That is a loaded question, because you presuppose that 25 gigabit will lower the cost. To first order, our hope is to keep the cost-per-endpoint increase to a reasonable level.  Obviously, the cost-per-bit will decline significantly, but the access business is not so tied to this factor.  The key factor in higher-speed PON is to increase the system and user speed while trying to hold costs steady.

 

The industrial readiness of TWDM-PON is not really at a mass deployment stage; furthermore, the 'killer app' that just absolutely demands TWDM’s capacity is not immediately at hand 

 

Q. Besides showing operators an extended roadmap beyond 40 gigabit, what applications will require 100 gigabit PON?

In reality, while 100 gigabit PON makes for a nice headline, the story is more complex. There are two separate applications where we see the technology. 

The first is a single-channel 25-gigabit system that would be useful for residential applications. This would serve as a follow-on to the XG-PON or 10GEPON deployments, and it could be at a price point that allows that. 

The second is the full 100 gigabit PON with four channels. This would be useful for business services, for mobile backhaul and fronthaul, and fibre-deep architectures like G.fast (fibre-to-the-distribution point) and DOCSIS3.1 (D-CMTS). 

 

Q. Huawei has also detailed a 10 and 40 gigabit NG-PON. Is this a combination of time- and wavelength-division multiplexing that in effect supports a traditional time-division multiplexed PON per wavelength i.e. TWDM-PON with rates that include 10 gigabit symmetrical, 10 gigabit downstream and 2.5 gigabit upstream, and 2.5 gigabit symmetrical?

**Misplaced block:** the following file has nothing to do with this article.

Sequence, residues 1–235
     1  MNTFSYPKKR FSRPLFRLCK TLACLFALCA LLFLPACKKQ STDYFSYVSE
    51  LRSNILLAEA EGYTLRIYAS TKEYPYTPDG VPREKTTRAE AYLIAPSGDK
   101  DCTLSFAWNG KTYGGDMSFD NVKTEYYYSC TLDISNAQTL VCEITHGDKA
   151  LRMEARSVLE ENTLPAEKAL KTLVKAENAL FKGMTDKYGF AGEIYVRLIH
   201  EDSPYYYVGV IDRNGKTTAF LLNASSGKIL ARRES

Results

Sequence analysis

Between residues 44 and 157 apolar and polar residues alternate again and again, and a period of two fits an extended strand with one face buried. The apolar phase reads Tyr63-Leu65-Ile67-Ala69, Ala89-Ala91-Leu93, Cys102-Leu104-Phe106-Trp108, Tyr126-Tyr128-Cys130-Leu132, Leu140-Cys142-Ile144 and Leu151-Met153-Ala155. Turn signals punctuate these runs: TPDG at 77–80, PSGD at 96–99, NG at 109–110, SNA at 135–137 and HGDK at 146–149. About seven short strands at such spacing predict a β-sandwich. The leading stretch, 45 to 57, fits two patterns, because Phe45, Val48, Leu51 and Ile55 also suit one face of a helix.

You describe it correctly. The NG-PON2 system’s major solution is the TWDM-PON, which defines 4- or 8-wavelength pairs that can be used simultaneously, with 10 gigabit- or 2.5 gigabit-per-wavelength. So, it can reach a total capacity of 80 gigabit per PON.  

In addition, NG-PON2 also defines a WDM overlay component, which supports eight or more channels of 10 gigabit per wavelength (not TDMed).  All in all, the system capacity could reach over 160 gigabit.

 

Q. Is this system commercially deployed? 

So far, there have been only small trial deployments. Huawei has deployed its early TWDM systems in many operators' networks in Europe and in Asia, but we are not at liberty to disclose these collaborations other than what has been announced. The industrial readiness of TWDM-PON is not really at a mass deployment stage; furthermore, the 'killer app' that just absolutely demands TWDM’s capacity is not immediately at hand. 

When will it be deployed is a hard question. 

Keep in mind that 10 gigabit PONs were standardised and prototyped by 2010, and yet it is 2016 and we still don’t see huge deployment; the first small-scale movements are starting to happen in China. That’s a six-year lag! 

If NG-PON2 is true to that, then it predicts 2021 as the start of significant deployment.  Barring the introduction of some super bandwidth-hungry service, I think it will still be some time before we deploy any next-generation system.

 

Q. What will be the first applications for 10G-40G NG-PON systems?

The envisioned applications for TWDM-PON was primarily residential and small business, with the simple assumption that bandwidth increase will continue to grow to 1 gigabit-per-second.  A 40-gigabit PON, serving 32 customers typically, fits this Gigabit FTTH picture well. But that seems far away for now. Early deployments will likely be business services and wireless backhaul.